Author: Julia Kahl

To be honest, it’s always easier to create beautiful design for beautiful things. It becomes much more difficult when it comes to bringing forward topics that society doesn’t want to deal with. Every 6 minutes, someone in the United States dies from opioids and today, there’s more than 2.1 million people suffering from opioid use disorder. It’s the result of an ongoing three-decade man-made plague known as the Opioid Epidemic.

A coalition of NGOs, healthcare professionals, activists, media partners, and professional photographers just launched an innovative approach to tackle the opioid epidemic: A toll-free helpline that uses the imprint codes on popular opioid pills as phone extensions, where people who struggle with addiction can get advice from those who managed to quit: 855-HOW-TO-QUIT-(OPIOIDS)

The helpline features 30 people, reflecting the diverse demographics of opioid use disorder. They share their experiences with one of the 30 most common opioid pills, from how they became addicted to how they managed to quit. Each testimony was curated by trained addiction specialists to include important medical information. The helpline also provides information for each pill, it connects to 988 for emergencies, and to the SAMHSA National Helpline for concrete treatment options. The toll-free helpline is available in all 50 states and will be functioning 24/7, initially live and later as interactive recordings. “I’m Emily, and this is how I quit Oxy. (…) Every week I took some milligrams

I think that’s a great approach, coupled with a very appealing design. Therefore, we spoke with Wojciech Zalot, Creative Director at Raw Materials, to learn a bit more about the project.

Please tell us how the project came about?

The Serviceplan Innovation team is focused on developing creative projects that align with the UN Sustainable Development Goals and the number one topic in this list is Health. Since two of the team members are from the US, the opioid crisis was a topic close to their hearts and fortunately the creative approach enabled it to become both innovative and effective. It was at this moment that they asked us to collaborate with the design and visual identity and after that, we reached out to several of the partners that made this project possible. The project is the result of the partnership and collaboration of Service Plan Innovation, Raw Materials, PAIN, We Are Those People, Upstate Foundation, Anzen Health, Kimera, DaHouse, JOJX, Media Plus, and Talon.

What idea lies behind the design concept?

We aimed to fully immerse the audience in the world of pharmaceuticals. This led us to adopt a design direction inspired by prescription pill packaging, where our main visual inspiration centered around simplicity and core information. We avoided cluttering the messaging and focused on maintaining the simplicity of form. Central to this approach was the structured layout of information, reminiscent of the organization found in medical documentation.

A crucial aspect of our branding strategy was the color scheme. Rather than using vibrant hues to portray the pills in a positive light, we chose a subdued, monochromatic palette. Drawing from prescription packaging, we primarily utilized the color orange sparingly, while each pill was associated with desaturated dark and light shades. Dark tones were specifically reserved for certain narrative sections to uphold a solemn atmosphere, reflecting the gravity of opioid addiction.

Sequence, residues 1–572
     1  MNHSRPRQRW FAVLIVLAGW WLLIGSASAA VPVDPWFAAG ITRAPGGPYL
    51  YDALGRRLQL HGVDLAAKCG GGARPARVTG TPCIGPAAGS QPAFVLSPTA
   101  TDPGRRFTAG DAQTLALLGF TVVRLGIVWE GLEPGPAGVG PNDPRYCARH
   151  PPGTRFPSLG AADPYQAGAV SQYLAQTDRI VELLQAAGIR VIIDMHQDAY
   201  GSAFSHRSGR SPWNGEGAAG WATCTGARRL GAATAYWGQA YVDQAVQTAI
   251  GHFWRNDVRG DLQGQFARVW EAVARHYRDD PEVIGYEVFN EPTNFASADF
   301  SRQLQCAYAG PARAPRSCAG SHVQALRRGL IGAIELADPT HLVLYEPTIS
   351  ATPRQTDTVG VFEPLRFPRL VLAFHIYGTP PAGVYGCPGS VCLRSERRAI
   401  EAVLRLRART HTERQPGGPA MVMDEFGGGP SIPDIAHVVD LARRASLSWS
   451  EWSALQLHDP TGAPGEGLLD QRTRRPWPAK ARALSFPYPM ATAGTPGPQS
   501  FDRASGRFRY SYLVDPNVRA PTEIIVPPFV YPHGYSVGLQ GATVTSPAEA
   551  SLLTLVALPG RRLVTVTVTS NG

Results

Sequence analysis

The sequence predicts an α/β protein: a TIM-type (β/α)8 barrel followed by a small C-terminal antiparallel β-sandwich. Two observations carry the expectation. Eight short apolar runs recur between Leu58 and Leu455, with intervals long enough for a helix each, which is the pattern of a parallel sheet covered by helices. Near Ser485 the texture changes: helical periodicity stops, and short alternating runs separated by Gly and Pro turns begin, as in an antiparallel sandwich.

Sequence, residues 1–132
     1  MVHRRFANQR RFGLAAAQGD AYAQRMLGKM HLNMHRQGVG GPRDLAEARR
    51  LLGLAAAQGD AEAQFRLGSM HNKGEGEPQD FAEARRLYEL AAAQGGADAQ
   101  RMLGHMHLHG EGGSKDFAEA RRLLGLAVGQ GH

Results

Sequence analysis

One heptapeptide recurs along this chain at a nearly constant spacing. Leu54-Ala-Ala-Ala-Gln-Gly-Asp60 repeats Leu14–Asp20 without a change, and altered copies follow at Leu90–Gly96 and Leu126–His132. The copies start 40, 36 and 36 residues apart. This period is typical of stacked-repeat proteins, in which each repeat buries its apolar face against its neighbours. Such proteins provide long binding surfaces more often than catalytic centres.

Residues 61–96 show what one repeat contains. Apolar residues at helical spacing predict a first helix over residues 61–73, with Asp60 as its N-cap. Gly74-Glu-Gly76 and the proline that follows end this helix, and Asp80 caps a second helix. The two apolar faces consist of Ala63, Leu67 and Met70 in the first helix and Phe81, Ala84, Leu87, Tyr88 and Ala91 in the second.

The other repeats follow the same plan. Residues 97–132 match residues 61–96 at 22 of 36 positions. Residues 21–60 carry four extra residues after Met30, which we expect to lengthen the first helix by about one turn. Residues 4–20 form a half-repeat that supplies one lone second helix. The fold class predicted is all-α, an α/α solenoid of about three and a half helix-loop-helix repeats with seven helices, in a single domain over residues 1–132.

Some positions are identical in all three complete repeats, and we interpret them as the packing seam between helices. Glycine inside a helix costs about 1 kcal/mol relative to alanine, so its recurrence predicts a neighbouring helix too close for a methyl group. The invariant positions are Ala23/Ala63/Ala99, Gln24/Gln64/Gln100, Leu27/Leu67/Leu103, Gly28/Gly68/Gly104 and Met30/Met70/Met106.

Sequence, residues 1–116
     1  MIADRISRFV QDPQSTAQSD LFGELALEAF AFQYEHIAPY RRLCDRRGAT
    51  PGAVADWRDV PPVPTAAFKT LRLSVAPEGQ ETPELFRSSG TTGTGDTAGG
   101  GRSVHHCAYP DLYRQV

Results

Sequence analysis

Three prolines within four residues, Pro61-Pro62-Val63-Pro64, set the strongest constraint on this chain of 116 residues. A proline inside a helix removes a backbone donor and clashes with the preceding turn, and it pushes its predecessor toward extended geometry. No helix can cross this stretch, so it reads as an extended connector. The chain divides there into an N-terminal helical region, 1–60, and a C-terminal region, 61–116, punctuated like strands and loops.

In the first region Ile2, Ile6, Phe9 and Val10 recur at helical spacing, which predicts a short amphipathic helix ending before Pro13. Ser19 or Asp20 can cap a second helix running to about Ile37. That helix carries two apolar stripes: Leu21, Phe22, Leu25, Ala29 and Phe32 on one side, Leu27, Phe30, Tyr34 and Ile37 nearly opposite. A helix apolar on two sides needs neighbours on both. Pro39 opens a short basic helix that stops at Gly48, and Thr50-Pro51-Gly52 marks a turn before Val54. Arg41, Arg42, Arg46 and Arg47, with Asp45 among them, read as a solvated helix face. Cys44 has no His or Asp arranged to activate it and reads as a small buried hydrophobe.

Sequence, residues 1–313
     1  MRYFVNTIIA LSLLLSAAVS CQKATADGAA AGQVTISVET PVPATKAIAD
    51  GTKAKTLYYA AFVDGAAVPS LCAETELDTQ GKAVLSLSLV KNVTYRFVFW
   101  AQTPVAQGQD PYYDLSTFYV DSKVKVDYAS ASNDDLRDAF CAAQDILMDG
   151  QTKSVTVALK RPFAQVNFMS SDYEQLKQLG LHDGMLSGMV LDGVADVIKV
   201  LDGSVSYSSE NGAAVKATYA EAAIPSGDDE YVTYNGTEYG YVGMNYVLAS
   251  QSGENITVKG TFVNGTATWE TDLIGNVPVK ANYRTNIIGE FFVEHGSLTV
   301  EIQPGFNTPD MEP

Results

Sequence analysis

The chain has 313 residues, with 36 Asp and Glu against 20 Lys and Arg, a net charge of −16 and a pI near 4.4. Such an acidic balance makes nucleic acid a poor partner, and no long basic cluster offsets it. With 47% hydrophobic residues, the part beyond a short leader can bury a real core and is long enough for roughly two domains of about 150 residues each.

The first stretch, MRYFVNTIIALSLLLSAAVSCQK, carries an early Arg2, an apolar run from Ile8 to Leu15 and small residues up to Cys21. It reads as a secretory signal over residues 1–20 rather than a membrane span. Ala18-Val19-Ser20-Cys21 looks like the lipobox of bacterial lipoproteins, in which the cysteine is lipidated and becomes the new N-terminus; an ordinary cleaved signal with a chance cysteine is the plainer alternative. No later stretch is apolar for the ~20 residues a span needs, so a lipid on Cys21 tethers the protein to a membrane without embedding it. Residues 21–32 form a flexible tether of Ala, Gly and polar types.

Typography plays an important role in the overall design—can you tell us a little bit about it?

Given the importance of numbers in our design, particularly 855-HOW-TO-QUIT as the primary campaign lockup, as well as the presence of lengthy pharmaceutical terms and a vast amount of information, we devoted a considerable amount of time to exploring typography choices for the project and how they would harmonize.

Through this process, it became evident that we required a narrow typeface to ensure readability and cohesiveness, without excessively condensing the text, to maintain a pharmaceutical and serious look and feel.

To achieve this, we collaborated with Kimera and customized their Waldenburg font, which possessed the ideal balance of simplicity, appropriate weight, and medical aesthetic. We made minor adjustments to a few glyphs, with the 'Q' being the most significant due to its prominence as a campaign name. In addition to HTQ Waldenburg, we incorporated Grilli Type Pressura Mono for numerical elements and finer details, striking a balance between humanist and serious tones.

Which challenges did the project bring with it, and which surprising moments did you encounter during the design process?

The primary challenge was to develop the focal point of the campaign: the pills themselves. There were few if any, good-quality images of opioid pills available, so we had to craft them ourselves with the assistance of CGI artist Roman Tikhonov. We worked with very sparse visual references available on the internet; in some instances, we could barely discern the texture or define the final color of the pill. However, the final result achieved the exact realism and intricate detailing we were aiming for.

Creating all the pills in 3D also provided us with a broader range of opportunities in terms of usage. We could plan the lighting, placement, and motion more precisely, which ultimately enhanced the overall work.

Thanks a lot for the insights!

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